by Jim Noble, Director, TAC International
While I am accustomed to presenting to IT audiences and university students, last week I had a most unusual audience. The occasion was the annual conference of the New York Stock Exchange, and the audience consisted of 450 Directors of the Boards of NYSE member companies.
They are accustomed to thinking of business risk in terms of their familiar frame of reference. So cyber crime is just another business risk, comparable with physical crime. Study and learn new cyber courses yourself by viewing this list of courses and choosing one that suits you and your career ambitions. My message was rather stark – thinking in that frame of reference is a serious mistake, and contributes to much of the complacency we see in businesses everywhere. With physical crime, you lose something (e.g. an asset). You know that you have lost it, and you do something about it. So fraud, theft etc. are relatively easy to discover. But businesses are becoming increasingly digital, and with cyber crime nothing goes missing. Your assets (e.g. intellectual property) are still where you left them, and there is no evidence of compromise. Cyber criminals copy the asset, rather than taking it away. This contributes to the phenomenon “Its takes them minutes to break in, and it takes a company weeks or months to discover the incursion”.
Actually, it is worse than that. Most companies never discover that they have been compromised, and it is virtually impossible to block a determined, sophisticated attacker.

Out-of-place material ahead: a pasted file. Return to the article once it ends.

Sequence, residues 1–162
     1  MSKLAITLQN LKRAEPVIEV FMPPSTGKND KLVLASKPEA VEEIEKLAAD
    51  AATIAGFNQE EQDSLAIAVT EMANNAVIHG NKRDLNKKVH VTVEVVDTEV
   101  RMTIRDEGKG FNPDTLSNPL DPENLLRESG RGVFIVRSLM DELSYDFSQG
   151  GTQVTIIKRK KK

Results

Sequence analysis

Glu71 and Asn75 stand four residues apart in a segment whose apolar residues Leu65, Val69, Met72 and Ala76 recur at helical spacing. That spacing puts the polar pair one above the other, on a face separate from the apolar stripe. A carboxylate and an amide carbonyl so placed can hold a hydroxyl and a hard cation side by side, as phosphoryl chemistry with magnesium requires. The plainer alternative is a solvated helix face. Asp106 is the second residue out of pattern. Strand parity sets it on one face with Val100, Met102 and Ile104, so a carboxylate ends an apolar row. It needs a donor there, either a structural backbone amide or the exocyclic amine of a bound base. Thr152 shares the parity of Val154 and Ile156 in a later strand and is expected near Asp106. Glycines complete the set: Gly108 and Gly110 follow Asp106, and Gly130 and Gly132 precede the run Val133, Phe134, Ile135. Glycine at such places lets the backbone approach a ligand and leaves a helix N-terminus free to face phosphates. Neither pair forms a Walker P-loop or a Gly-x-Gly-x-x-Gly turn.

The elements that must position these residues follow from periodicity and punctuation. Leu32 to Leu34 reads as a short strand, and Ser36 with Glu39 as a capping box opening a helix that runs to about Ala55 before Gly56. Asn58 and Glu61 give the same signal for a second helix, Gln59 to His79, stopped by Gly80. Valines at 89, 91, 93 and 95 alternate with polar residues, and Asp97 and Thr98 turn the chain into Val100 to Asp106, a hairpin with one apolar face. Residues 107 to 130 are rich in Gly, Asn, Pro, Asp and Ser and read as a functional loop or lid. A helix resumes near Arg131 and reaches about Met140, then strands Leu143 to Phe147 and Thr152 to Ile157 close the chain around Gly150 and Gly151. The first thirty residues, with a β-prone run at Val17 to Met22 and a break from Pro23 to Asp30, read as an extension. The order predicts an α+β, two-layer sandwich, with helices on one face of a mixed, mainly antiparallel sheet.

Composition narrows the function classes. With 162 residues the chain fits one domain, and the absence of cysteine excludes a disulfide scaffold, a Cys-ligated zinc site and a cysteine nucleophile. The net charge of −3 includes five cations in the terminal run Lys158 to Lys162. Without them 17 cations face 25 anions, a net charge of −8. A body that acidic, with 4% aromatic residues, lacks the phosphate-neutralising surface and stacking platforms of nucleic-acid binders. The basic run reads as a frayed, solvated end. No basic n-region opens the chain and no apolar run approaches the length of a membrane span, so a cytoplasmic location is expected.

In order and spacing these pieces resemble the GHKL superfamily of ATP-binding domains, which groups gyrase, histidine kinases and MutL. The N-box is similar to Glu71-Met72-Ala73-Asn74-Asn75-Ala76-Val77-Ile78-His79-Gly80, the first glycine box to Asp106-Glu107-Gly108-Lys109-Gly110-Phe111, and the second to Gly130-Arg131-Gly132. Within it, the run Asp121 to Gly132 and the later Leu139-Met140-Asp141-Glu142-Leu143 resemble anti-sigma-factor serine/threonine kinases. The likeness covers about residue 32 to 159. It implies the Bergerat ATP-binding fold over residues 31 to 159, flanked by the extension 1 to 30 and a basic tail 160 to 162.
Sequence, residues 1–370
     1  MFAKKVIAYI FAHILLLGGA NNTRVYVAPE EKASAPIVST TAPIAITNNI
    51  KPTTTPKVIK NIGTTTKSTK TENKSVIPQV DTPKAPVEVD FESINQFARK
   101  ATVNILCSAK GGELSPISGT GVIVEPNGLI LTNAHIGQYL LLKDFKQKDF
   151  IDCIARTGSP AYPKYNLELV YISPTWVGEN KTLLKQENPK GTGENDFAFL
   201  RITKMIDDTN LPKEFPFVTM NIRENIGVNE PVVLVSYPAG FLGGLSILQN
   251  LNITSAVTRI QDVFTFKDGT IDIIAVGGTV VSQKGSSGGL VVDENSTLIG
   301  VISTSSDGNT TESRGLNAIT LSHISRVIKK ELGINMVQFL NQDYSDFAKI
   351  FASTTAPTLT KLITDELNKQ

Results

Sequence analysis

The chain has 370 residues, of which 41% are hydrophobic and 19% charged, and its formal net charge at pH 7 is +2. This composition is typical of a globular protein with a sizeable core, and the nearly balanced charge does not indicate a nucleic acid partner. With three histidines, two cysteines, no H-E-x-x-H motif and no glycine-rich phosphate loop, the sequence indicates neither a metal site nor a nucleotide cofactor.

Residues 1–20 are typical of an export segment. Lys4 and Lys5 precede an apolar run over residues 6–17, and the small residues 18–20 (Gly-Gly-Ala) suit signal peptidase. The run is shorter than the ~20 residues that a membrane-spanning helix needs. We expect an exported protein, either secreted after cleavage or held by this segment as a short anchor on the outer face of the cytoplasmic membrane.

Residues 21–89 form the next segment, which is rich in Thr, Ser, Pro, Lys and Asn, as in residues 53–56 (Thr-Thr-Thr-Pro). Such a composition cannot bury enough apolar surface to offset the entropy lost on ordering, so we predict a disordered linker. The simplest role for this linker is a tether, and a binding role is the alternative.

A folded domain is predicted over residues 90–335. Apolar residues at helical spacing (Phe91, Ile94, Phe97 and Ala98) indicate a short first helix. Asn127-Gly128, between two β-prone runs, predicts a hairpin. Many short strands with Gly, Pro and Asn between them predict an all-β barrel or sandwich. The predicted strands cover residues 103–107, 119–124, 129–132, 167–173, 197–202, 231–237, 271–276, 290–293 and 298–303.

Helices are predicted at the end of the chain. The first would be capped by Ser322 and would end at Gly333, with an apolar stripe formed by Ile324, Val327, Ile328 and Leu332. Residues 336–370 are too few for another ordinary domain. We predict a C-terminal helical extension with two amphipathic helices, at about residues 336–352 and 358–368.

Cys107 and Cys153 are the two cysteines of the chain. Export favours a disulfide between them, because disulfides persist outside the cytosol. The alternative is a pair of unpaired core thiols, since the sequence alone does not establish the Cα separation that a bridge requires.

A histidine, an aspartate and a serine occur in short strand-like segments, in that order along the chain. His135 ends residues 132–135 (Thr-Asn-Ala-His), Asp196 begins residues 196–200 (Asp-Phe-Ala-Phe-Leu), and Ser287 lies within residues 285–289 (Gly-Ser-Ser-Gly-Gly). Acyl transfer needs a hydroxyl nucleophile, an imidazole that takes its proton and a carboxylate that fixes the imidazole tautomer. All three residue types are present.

So the conventional wisdom in digital security of “Prevent, Detect, React” rarely applies – you can’t prevent, you probably won’t detect, and so how could you possibly react?
I don’t want to spread fear, uncertainty and doubt; but I was determined to shake these Board members out of their complacency! So I tried to balance the bad news with some good news – while it is impossible to defend all your petabytes of digital assets equally, it is possible to defend the crown jewels (the 5% or so that really matters, such as your Board meeting minutes, your M&A plans, your product R&D, your Q2 results due to be published tomorrow…). I asked how many companies had a data classification scheme, allocating (say) Unclassified, Restricted, Confidential and Secret categories to their data. You guessed – almost none of the companies did this. The usual rebuttal is that their company is not a bank, or a military contractor, or the White House… and so it not a target for cyber crime. But of course that is a popular misconception, and even if your company is not the primary target, you might be a supplier to another company that is, and your privileged access is what the bad guy wants.
So I rest my case with the famous quote from the Director of the US National Security Agency – “You don’t know when they were there, when they left, what they took, and what they left behind”. And until you acknowledge that, you will leave gaps in your defenses or your monitoring that the bad guys will easily exploit. The recent case of Edward Snowden was a good example of this. His employers thought that his government clearance of Secret and his exemplary record were sufficient controls for a Systems Administrator with proper access to highly sensitive data, but they could easily have implemented “a separation of duties” to block data access without at least two authorized people. Now that their awareness has been raised, I think security will be better in future.
Will it take an incident at your company before you take this seriously?
What is your company doing to deal with cyber crime?